How to Hunt Rabbits

How to Hunt Rabbits Outdoor Life

How to Hunt Rabbits

Rabbit hunting was once king, but its popularity declined as deer and turkey populations rebounded. However, there is now a rabbit hunting revival, particularly in the southeast. If you’re considering giving rabbit hunting a try, here’s everything you need to know. We’ll cover the following topics:

  • What Type of Rabbits Can You Hunt?
  • Habitat: How to Find Rabbits
  • When is the Best Time to Hunt Rabbits?
  • Rabbit Hunting Without Dogs
  • Rabbit Hunting With Dogs
  • Tips for Shooting Rabbits
  • Best Guns, Chokes, and Loads for Rabbit Hunting
  • What to Wear When Rabbit Hunting
  • How to Clean a Rabbit
  • How to Cook a Rabbit

What Type of Rabbits Can You Hunt?

The Eastern cottontail and the swamp rabbit are the most commonly hunted rabbit subspecies. The Eastern cottontail is found throughout the eastern U.S., while the swamp rabbit inhabits lands across the Gulf Coast and south-central portions of the U.S. Jackrabbits are often targeted out West due to their destructive nature.

Common Cottontail Rabbit Subspecies

  • Eastern Cottontail (Sylvilagus floridanus)
  • Swamp Rabbit (Sylvilagus aquaticus)
  • Desert Cottontail (Sylvilagus audubonii)
  • Mountain Cottontail (Sylvilagus nuttallii)
  • Alleghany Cottontail (Sylvilagus obscurus)
  • Marsh Rabbit (Sylvilagus palustris)
  • New England Cottontail (Sylvilagus transitionalis)

How to Find Rabbits

Rabbit populations vary by region and depend on predator numbers and available habitat. Look for rabbits along field edges, in timber, and in heavy cover. They also love wood piles and places to hide. Good spots to find rabbits include hollow logs, briar thickets, overgrown fence rows, brush piles, abandoned barnyards, home sites, junk piles, and old vehicles left out in the field.

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When is the Best Time to Hunt Rabbits?

Rabbit hunting seasons typically take place from mid-November to the end of February. The best days to hunt are when the temperature is around 45-55 degrees and the sun is shining. Rabbits tend to be most active at dawn and dusk. The early season and the late season are both productive for different reasons.

Rabbit Hunting Without Dogs

Rabbit hunting can be done with or without dogs. When hunting without dogs, one hunter can act as the shooter while the other beats brush to push rabbits out of cover. You can also slowly move through target areas, stopping every 15 to 20 paces to scan the landscape.

Rabbit Hunting With Dogs

Beagle hounds are the top choice among rabbit hunters. They are small and skilled at sniffing out rabbits. Once the chase begins, quickly move to the location where the rabbit was first jumped. Be ready for the rabbit to circle back to its hiding spot.

Top Rabbit Hunting Dog Breeds:

  • Beagle
  • Basset Hound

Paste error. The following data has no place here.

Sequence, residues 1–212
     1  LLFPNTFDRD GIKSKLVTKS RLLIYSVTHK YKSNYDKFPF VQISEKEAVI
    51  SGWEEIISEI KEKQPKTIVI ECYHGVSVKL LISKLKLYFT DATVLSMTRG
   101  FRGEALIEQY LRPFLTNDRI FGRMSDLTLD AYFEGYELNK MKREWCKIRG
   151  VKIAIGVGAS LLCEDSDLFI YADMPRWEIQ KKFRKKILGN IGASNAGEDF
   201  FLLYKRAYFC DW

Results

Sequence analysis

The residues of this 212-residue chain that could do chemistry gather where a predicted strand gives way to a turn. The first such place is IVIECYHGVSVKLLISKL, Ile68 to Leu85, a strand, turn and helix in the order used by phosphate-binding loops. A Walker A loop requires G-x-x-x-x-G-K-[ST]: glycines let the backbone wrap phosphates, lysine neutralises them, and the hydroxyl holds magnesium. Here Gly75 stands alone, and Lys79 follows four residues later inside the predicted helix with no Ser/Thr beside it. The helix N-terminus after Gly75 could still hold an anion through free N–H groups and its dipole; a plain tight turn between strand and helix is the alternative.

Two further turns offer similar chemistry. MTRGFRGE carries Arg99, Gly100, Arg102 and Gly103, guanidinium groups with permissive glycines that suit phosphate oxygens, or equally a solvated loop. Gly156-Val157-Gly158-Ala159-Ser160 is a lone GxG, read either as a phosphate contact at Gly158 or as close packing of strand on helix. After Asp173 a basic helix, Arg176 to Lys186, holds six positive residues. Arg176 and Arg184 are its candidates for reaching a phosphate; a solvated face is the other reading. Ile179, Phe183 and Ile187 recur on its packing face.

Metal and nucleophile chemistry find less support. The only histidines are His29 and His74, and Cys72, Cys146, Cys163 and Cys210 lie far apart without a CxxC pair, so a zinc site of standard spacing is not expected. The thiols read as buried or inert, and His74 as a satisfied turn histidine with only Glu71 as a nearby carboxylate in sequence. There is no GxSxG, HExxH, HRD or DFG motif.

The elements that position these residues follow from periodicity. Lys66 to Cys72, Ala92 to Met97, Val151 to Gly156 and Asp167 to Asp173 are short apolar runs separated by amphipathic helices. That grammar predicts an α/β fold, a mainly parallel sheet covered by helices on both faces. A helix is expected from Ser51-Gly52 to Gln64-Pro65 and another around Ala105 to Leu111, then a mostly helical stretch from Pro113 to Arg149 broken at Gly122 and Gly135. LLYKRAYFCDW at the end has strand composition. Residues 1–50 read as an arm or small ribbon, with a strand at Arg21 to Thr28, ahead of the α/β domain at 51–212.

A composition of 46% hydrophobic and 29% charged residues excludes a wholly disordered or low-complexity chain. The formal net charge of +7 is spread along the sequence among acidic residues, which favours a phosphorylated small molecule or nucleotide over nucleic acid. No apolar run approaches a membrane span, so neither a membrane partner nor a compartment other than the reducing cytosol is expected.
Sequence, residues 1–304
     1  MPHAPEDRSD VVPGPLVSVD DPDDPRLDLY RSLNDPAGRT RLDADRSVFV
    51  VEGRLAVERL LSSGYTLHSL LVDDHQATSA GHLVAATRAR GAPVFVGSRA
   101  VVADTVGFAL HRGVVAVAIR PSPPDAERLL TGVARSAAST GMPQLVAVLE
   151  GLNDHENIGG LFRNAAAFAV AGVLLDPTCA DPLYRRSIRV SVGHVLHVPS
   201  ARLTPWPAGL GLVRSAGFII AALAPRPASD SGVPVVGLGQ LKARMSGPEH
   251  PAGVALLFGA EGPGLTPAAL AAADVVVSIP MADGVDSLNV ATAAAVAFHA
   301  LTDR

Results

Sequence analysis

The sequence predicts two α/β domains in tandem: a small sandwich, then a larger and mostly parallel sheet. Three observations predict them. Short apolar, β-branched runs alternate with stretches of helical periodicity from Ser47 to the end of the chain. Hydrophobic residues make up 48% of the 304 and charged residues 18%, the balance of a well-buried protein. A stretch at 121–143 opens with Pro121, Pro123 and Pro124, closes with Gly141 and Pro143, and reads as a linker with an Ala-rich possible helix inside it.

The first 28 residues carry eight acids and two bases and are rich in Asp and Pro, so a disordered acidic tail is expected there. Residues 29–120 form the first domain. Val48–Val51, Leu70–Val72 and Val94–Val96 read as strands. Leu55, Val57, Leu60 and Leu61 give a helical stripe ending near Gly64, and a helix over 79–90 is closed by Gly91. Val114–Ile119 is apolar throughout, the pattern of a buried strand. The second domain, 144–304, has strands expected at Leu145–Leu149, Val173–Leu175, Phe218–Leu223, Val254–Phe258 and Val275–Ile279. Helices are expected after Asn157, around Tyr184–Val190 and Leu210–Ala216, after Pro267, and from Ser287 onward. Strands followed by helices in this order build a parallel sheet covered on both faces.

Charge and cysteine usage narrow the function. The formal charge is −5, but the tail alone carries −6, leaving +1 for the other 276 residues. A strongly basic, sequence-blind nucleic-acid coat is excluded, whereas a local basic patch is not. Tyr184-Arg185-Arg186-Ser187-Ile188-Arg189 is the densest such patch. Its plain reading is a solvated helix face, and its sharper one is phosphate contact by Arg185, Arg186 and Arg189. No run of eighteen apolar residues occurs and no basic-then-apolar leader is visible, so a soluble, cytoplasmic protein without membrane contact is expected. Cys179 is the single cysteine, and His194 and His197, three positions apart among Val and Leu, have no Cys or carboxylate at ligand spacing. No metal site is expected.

• Dachshund
  • Jack Russell Terrier
  • Feist
  • German Wirehair
How to Hunt Rabbits Outdoor Life

Tips for Shooting Rabbits

Rabbit hunting offers challenging shot opportunities. To increase your success rate, take a stand in a location with ample openings. Lead the rabbit when shooting and be still and quiet to avoid spooking approaching rabbits. Whistling like a hawk can make a rabbit stop, giving you a better shot.

Guns, Chokes, and Loads for Rabbit Hunting

Most hunters use a 12 or 20 gauge shotgun with a modified choke and a 26 or 28-inch barrel. The best loads for rabbits are 7 ½ shot for cottontail rabbits and 4 or 6 shot for larger swamp rabbits. Any shotgun and choke combination will work as long as you can smoothly swing on a fast-moving target.

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What to Wear When Rabbit Hunting

Wear comfortable, layered clothing suitable for the conditions. Quality boots are a must, with the style depending on the terrain. Briar-proof pants or bibs are essential for navigating through brush and briars. Complete your outfit with an orange vest and hat for visibility to other hunters.

How to Clean a Rabbit

Follow these steps provided by the Missouri Department of Conservation to properly clean a rabbit:

  • Cut through the skin around each hind leg above the “knee” joint.
  • Cut through the skin from one hind foot to the other, staying on the inside of the legs.
  • Separate the skin from the carcass halfway down the rabbit’s back.
  • Pull the skin downward from the belly side of the rabbit.
  • Remove the skin all the way down to the rabbit’s front legs.
  • Separate the skin from the rabbit’s leg at the “elbow” joint.
  • Remove the front legs and continue pulling the skin downward.
  • Separate the rabbit’s head from the rest of the carcass.
  • Gut the rabbit by making an incision below the sternum and cutting downward through the pelvis.
  • Remove the entrails by grabbing above the heart and pulling downward.
  • Rinse the carcass thoroughly.

Avoid Tularemia

Tularemia is a rare infectious disease that can be spread from infected rabbits to humans. Always wear gloves when cleaning rabbits and cook rabbit meat to 160 degrees to prevent infection.

How to Cook a Rabbit

Fry rabbit quarters in flour, salt, and pepper after brining them in buttermilk. Heat oil in a cast iron skillet to medium-high heat and fry the rabbit until golden brown. Make sure the internal temperature reaches 160 degrees.

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Book a Hunt or Buy a Pup

If you’re interested in booking a rabbit hunting adventure or buying a Beagle pup, check out Montague’s Beagle Chase Hunting Service on Facebook or call (901) 626-5822.

Final Thoughts on How to Hunt Rabbits

Rabbit hunting provides a unique experience steeped in tradition. It’s a casual hunt best enjoyed with friends and family. Despite the small size of the game, the memories made will be mighty.